Attila’s “strava” was not going so well
[first half of 5th century]
“And what more? Valia (to repeat what we have said) had but little success against the Gauls, but when he died the more fortunate and prosperous Theodorid succeeded to the throne. He was a man of the greatest moderation and notable for vigor of mind and body. In the consulship of Theodosius and Festus the Romans broke the truce and took up arms against him in Gaul, with the Huns as their auxiliaries. For a band of the Gallic Allies, led by Count Gaina, had aroused the Romans by throwing Constantinople into a panic. Now at that time the Patrician Aetius was in command of the army. He was of the bravest Moesian stock, the son of Gaudentius and born in the city of Durostorum. He was a man fitted to endure the toils of war, born expressly to serve the Roman state; and by inflicting crushing defeats he had compelled the proud Suavi and barbarous Franks to submit to Roman sway.”
Comment: It is not clear which Suavi these were but we mention them here just in case they might have been Danubian Suavi. The famous patrician Aetius who galvanized Rome and its allies against the Huns, lived between 391 and 454 A.D. This story should have come after the story presented below in Chapter 48.
Comment: There follows in Chapter 44, the story of the Suavi of Galicia and Lusitania (i.e., in Portugal/Spain) with Riciarius their king fighting Theodorid of the Visigoths – and losing and having appointed over them, Theodoric’s retainer Agrivulf (“born of the stock of the Varni, far below the nobility of Gothic blood”) who then betrayed the Visigoths and was beheaded as a result – in Visigoths’ great mercy, the Suavi were then nevertheless allowed to choose one of their own people as ruler – choosing Rimismund. We mention this for completeness although the story obviously pertains to events in the Iberian Peninsula and does not directly have anything to do with the Danube Suavi.
[turn of the 5th century]
“And later, after the death of Vinitharius, Hunimund ruled them, the son of Hermanaric, a mighty king of yore; a man fierce in war and of famous personal beauty, who afterwards fought successfully against the race of the Suavi. And when he died, his son Thorismud succeeded him, in the very bloom of youth. In the second year of his rule he moved an army against the Gepidae and won a great victory over them, but is said to have been killed by falling from his horse. When he was dead, the Ostrogoths mourned for him so deeply that for forty years no other king succeeded in his place, and during all this time they had ever on their lips the tale of his memory. Now as time went on, Valamir grew to man’s estate. He was the son of Thorismud’s cousin Vandalarius.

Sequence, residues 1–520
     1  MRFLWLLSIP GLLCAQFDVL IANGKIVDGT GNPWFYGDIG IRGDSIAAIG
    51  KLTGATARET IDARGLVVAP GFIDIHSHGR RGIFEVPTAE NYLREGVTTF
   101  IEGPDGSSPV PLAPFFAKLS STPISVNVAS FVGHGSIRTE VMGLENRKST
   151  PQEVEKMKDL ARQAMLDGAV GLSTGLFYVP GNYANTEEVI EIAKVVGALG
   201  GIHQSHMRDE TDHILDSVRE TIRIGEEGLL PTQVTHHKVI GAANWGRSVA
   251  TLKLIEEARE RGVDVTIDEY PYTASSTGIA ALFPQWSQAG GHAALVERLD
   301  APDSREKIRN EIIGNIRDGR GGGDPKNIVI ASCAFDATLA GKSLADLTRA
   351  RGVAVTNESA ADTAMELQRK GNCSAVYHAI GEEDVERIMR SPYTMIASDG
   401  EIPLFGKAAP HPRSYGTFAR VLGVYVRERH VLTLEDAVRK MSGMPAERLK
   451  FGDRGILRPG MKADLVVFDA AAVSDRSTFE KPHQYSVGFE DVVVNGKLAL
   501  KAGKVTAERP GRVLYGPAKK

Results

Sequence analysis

Comment: It is interesting that the preceding text comes right after the story of Boz and Vinitharius who “to show his courage” made war against the country of the Antes. See here. Thus, Vinitharius defeated the Antes and Hunimund the son of Hermanaric fought against the race of the Suavi.
This must have happened in the late 4th, perhaps early 5th century – whether this was what drove the Suavi or some of them West with the Vandals and Alans is uncertain. Chronologically, the story of Vinitharius and Hunimund should have come before Chapter 34’s story about the Suavi of Spain and Portugal.
[Battle of Nedao (454 A.D.)]
“…They took up arms against the destruction that menaced all and joined battle with the Huns in Pannonia, near a river called Nedao. There an encounter took place between the various nations Attila had held under his sway. Kingdoms with their peoples were divided, and out of one body were made many members not responding to a common impulse. Being- deprived of their head, they madly strove against each other. They never found their equals ranged against them without harming each other by wounds mutually given. And so the bravest nations tore themselves to pieces. For then, I think, must have occurred a most remarkable spectacle, where one might see the Goths fighting with pikes, the Gepidae raging with the sword, the Rugi breaking off the spears in their own wounds, the Suavi fighting on foot [or “fighting with slings”], the Huns with bows, the Alani drawing up a battle-line of heavy-armed and the Heruli of light-armed warriors.“